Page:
“She eventually ran out of things to pile on top of them,” (them being Beverly’s three grandchildren). We are drowning in a dream, a series of moments recounted by Beverly’s estranged adult grandson interspliced with the possibility that Beverly heard unseen voices who beckoned to danger or at least terrified the lives of her young when they were young by heaping mounds and mounds and mounds of soaked clothing over the mouth, nose, face, neck, entire body. Beverly’s murderous hypothetical is play, a dream, a nightmare, or much worse. We cannot know and yet those tiny little black signifiers glare back at the reader, devastating, insisting. “Beverly whispered not to them, (an unnamed them), never let them hear you breathing.” Unlike the formal means Beverly’s ungrievability offers the reader the real content is an exercised ability to internalize the realm of the monstrous in the extremes of the unconscious and beneath the realm of castration, in absence of revulsion.
In parallel, the anthropologist perhaps contemplates suiciding the burden and outrage in making live and ethnographically letting die. Todd’s breathless refusal to do just this is circular to his documentation of near-death. If Anthropos is that being whose suffering follows the plurality of its logos given as principles of a rational intelligence chained to the hold of reason and the logic of existence— then, an ethnographic study of Beverly and other authorial voices turns on the disinterested observation of suffering, namely dualist modalities of human possibility-impossibility/contingency-necessity of human worth. In reading Foucault’s government of the living through what Patterson calls social death, a regulating principle which Patterson observed to be the central hallmark in his two-thousand year comparative study of slave societies throughout the world—a medical anthropologist breathes new life into a complicity anthropologists have historically and culturally maintained in relation to a New World constituted on anti-human systems, and prepares for what Irvine and others call the sixth great mass extinction of life on earth. This is the affective content or tense-logic that All That Was Not Her artfully collapses, condenses, critiques. Navigating this tense-logic, the monograph scours the shit out of a relationship, as Beverly herself artfully described, and does so through universal tableau: abduction, taboo, castration, poison, soured relationship, suicide, death, return, resurrection.
Now the ruination across body/flesh/ “I think”/ “I speak” marked in All That Was Not Her oscillates beyond the bounds of bare reason in the human sciences and beyond the eschatological conditions of possibility for an individuated anthropological subject: to question the logos and mythos under the hood would be to place the transcendental subject as such in question. (This anthropologist’s (her) father was a sixty-nine-year-old white Jewish man who successfully suicided October 30, 2019.) The urgency in All That Was Not Her is not its logical inability to symbolize and mentalize Beverly with those predicates humans reserve for other humans, i.e. care, love for their children, in the wake of Beverly’s unknown desires and drives outside of death. But rather it is that All That Was Not Her “cuts into” its subject as Kathleen Stewart wrote on the back jacket. Our own thoughts second that emotion in that the discursive mark of this cut and its teleology abstracts then deploys the critical function of the modern heuristics of the concept of race and its corresponding spatio-temporal intuitive-feeling object. The categorical imperative, the difference between good and evil to degree that the good is practical for us since the 16th century has been evolving steadily toward: feel nothing at all at all the deaths of all the others.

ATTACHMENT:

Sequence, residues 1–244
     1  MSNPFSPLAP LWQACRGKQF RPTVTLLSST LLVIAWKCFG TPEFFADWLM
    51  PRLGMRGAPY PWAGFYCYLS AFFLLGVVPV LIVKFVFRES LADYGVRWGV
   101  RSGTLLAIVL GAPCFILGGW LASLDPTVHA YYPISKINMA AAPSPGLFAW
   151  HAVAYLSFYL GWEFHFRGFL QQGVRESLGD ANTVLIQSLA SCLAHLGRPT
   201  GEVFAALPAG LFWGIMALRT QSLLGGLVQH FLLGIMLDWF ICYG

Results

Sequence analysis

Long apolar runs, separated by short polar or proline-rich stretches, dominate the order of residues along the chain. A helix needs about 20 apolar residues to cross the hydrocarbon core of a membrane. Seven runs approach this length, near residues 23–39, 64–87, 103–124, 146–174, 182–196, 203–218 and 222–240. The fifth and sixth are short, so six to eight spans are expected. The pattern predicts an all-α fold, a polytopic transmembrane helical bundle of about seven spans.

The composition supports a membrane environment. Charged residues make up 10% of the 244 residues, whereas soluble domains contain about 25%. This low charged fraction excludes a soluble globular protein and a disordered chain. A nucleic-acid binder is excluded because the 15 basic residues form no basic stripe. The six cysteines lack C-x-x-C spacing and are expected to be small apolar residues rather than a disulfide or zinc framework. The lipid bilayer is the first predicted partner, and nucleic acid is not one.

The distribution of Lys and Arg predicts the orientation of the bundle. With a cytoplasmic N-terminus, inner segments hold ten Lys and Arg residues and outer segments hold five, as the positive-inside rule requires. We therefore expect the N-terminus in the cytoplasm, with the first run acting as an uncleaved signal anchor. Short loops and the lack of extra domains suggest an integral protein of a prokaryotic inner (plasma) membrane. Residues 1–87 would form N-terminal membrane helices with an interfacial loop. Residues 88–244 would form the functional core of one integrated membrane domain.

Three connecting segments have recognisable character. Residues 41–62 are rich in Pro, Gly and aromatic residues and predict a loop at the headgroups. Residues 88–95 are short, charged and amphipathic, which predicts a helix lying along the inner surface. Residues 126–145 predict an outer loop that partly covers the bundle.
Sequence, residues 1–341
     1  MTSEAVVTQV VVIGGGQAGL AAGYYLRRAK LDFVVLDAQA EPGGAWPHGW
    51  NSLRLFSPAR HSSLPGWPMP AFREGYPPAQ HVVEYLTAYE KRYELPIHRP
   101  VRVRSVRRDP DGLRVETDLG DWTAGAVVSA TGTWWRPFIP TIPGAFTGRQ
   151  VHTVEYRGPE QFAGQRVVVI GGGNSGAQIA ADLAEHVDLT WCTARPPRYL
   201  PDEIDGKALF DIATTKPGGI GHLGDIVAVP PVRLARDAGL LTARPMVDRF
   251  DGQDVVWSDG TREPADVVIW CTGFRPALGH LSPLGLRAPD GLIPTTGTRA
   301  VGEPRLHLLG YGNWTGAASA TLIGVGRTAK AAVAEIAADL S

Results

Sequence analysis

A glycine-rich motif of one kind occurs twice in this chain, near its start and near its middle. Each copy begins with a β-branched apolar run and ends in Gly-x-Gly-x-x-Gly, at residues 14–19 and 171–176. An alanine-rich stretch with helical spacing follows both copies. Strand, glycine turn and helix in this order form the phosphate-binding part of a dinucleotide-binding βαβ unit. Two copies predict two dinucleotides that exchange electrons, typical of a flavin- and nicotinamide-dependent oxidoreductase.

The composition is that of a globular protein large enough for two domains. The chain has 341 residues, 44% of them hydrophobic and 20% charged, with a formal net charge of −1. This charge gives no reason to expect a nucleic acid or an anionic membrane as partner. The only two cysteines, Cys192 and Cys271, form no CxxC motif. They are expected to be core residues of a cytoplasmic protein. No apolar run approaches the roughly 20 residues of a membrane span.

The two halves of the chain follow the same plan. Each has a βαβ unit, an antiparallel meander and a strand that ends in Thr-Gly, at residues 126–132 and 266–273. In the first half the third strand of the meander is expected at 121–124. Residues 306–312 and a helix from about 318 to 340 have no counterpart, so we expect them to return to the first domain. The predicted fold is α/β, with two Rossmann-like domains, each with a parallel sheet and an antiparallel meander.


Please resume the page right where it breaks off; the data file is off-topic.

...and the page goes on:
All That Was Not Her thematizes the unity of white positionality on the edge of destroying itself from its repressed enjoyment of the suffering of every other mode of human animal existence that does not register as equal in space-time and discourse through the magnitude of appearances. In All That Was Not Her, the author masterfully foregrounds this clandestine structure just as decisively as Beverly’s real articulation within this structure never appears through the sensuous beyond the monstrous. Thou he doth protest, the anthropologist evaporates into missionary, physician, clinician, police; dissolving into power’s hold on life while a series of dreams unravel. The levers skillfully pulled and the buttons carefully pushed cast scathing insight on jouissance during the global socio-ecological decline, the ruin circling the earth. In All That Was Not Her, ultimately Todd and Beverly are positioned at the advent of the Anthropocene consensually or non-consensually in the hold of what could be termed a long-term non-relationship.
DeShawn Dumas is a Ph.D. candidate in UCI’s Culture & Theory department, specializing in Kantian studies, post-structuralist philosophy, and euro pessimism.
Maya Stovall is the author of Liquor Store Theatre published by Duke University Press. She is Assistant Professor at California State Polytechnic University, Pomona.
 Fabian, Johannes. “How others die—reflections on the anthropology of death.” Social Research (1972): 543-567.
 Clifford, James. “Comparative Studies in Society and History.” ‘On Ethnographic Surrealism’ 23, no. 4 (1981): 539-564, p. 540.
 Wynter, Sylvia. “Unsettling the coloniality of being/power/truth/freedom: Towards the human, after man, its overrepresentation—An argument.” CR: The new centennial review 3, no. 3 (2003): 257-337.
 Lévi-Strauss, Claude. “Tristes tropiques (1955).” Trans. John and Doreen Weightman. London: Penguin Books (1992), p. 52-53.
 Meyers, Todd. All That Was Not Her. Duke University Press, 2022, p. 92.
 Patterson, Orlando. Slavery and social death: A comparative study, with a new preface. Harvard University Press, 2018.
 Irvine, Richard DG. An anthropology of deep time: Geological temporality and social life. Cambridge University Press, 2020.
 Foucault, Michel, and François Ewald. ” Society Must Be Defended”: Lectures at the Collège de France, 1975-1976. Vol. 1. Macmillan, 2003, p. 239.